Child Schools Parent

Here’s a story:

Yesterday was one of those days. For a tedious insurance reason, our normally awesome physical therapist was having to do the dirty deed of stressing all the ways in which Fiona is delayed:

The fact that her delays don’t just cause slower development but atypical compensation.

The fact that they aren’t just “delays” but manifestations of a serious condition.

The fact that her delays are “significant,” the PT said, which she emphasized by spreading her hands far apart, indicating just how far Fiona is from a usual 20 month old. In width, about a foot. In months, I know that’s about a year.

I nodded. Yes I knew this, and I agreed with the PT, and I understood why the insurance company needed to hear it.

But this was tough stuff amidst some rough feeding days. I spend upwards of five hours a day feeding Fiona — holding her bottle, offering her spoonfuls of this and that — which is fine when she actually consumes enough to sustain a toy poodle, but deflating when she fights me for mysterious reasons and refuses most of it. She’s been refusing most of it for two days straight, knocking down even the most basic of achievements off my mothering to-do list. Girl sure knows how to hand it to her “must-always-get-A’s” momma. In the subject of Caloric Intake, my daughter and I have been getting D’s at best.

So flash forward a few hours, when Justin arrives home and we all sit on the couch together and I take up my usual coping mechanism after mildly shitty days: I vent. I vent like a steam train barreling down the track. Which goes something like this, “And I’m upset about this, and I’m upset about that, and this, and that, and she won’t even hold her own bottle, and….”

At which time Fiona lunged her body from Justin’s lap, held out her hand, and grabbed at mine. She brought my hand toward her. She held it firmly. This is not something she does normally, and it was enough to stop me mid-steam-train. She looked at me and cocked her head. In those sapphire eyes of hers I got a message.

You might expect that the message was, “It’s okay, Mom. Everything will be alright. You are great.”

But that wasn’t quite it. Instead, the message I got was: “Woman, get over yourself. You’re forgetting what’s awesome. Like me. And this. Now shut your trap, and let’s hurl ourselves into the sofa cushions.”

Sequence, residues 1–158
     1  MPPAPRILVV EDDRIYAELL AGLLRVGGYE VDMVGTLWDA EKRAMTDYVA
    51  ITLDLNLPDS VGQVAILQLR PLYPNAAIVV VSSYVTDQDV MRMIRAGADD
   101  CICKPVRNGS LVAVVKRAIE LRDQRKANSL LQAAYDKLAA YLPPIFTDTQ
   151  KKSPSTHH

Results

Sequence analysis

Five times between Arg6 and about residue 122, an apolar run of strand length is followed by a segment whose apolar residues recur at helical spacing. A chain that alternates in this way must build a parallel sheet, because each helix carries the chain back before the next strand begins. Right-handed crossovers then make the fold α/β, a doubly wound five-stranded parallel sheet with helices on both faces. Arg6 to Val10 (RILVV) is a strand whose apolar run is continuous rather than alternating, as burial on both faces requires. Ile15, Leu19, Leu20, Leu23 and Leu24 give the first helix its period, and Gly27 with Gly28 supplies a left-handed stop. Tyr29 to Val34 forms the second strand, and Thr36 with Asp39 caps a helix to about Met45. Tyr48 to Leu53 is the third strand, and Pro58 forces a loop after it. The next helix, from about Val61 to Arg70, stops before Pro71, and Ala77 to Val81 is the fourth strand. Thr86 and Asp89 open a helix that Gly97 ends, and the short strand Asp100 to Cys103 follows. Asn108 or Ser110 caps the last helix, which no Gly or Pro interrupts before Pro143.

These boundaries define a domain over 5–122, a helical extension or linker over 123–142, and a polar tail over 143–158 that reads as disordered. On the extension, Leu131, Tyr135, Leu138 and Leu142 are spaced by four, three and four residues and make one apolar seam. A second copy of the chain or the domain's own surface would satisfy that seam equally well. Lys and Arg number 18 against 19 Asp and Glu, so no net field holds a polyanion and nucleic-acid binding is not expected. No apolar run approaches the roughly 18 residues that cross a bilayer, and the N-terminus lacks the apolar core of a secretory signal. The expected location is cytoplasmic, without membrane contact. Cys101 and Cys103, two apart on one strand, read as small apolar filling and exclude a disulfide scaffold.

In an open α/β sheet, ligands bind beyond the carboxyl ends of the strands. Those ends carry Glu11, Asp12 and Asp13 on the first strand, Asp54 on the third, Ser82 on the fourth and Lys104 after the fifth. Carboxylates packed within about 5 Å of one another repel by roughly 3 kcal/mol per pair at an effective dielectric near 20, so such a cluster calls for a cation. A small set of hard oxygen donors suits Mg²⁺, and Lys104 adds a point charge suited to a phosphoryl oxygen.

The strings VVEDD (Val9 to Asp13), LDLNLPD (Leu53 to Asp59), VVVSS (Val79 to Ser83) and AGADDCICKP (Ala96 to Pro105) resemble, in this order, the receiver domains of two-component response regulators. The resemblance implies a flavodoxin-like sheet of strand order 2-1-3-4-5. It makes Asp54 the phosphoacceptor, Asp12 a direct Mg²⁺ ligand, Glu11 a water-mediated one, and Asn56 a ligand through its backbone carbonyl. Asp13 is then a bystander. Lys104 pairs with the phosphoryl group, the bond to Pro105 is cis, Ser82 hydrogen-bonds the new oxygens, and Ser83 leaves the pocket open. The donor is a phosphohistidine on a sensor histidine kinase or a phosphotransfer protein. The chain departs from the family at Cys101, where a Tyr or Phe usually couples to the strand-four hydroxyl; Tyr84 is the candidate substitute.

At which time I shut up, and teared up, and my daughter lunged her lean, wobbly body toward the back of the sofa cushion, where she buried her face into the plush gray upholstery and giggled.

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4 thoughts on “Child Schools Parent

  1. Weeks before Denise’s fourth birthday I was making plans for that day. I was going to have many colorful balloons for her to see when she opened her eyes in the morning. I wanted that day to start in a super exciting way for her – she loves balloons! I hadn’t shared my plans with anyone yet, but every time i was thinking about it, about her pure joy and excitement i was feeling absolutely happy. One Sunday afternoon she woke up from her nap and looking at the ceiling said “a lot of balloons!!! Mom, have birthday!!!!”
    I was stunned. I still had not told anyone about my bd surprise but she knew. Somehow she saw this in her dream and knew. Later that day i was sharing this with a friend of mine and she said “See? You can only think of good thngs for she knows. She feels you and she knows.”

    Coukd her eating strike be because she’s teething? Denise’s teeth were so slow ro come out, and she had those periods when she would refuse to eat for no apparent reason, and a week or so later we’ll see a new tooth has cone out.

  2. Heather, I love your ability to reframe and pull yourself out of those moments of…what should I call it? Anxiepity. I know those feelings well, but they are as often brought about as the result of my 14 year old as they are my 3 year old. Like you, I have always been somewhat of a perfectionist, so having daughters who not only struggle with every aspect of basic living that we all take for granted, but whom I know will never share in those mother-daughter moments I envisioned so many times over the years…not to mention the inability to envision what the future will hold for them–a future that seems still so uncertain and murky…makes me overwhelmed in ‘anxiepity’. I wish Kaylee would show me a sign that it would be okay; Fiona seems so much more alert and aware of you and what is around her than she is. Developmentally, as far behind as Fiona may be, she is miles ahead of my daughter, who is double her age. Sigh… I think I need some real help in getting to that place of peace– where when I see my child, the message I hear is to “get over myself,” for more than anything, I know I am my own worst enemy, and Kaylee deserves better.

  3. Heather,

    Thank you so much for sharing this as well as your other stories. You are an amazing writer and have a wonderful way of putting your thoughts and experiences into words. Thoughts and experiences that I, for one, have often. Thank you!!

  4. One day I was so beside myself bc my daughter would not eat (she was about 9 months), that I took her to the hospital when my husband came home from work. Now 20 years later, I have to watch her caloric intake as she has a chubby tummy. Sometimes, we just have to let the worry go (easier said than done, when you care)
    Roxanne

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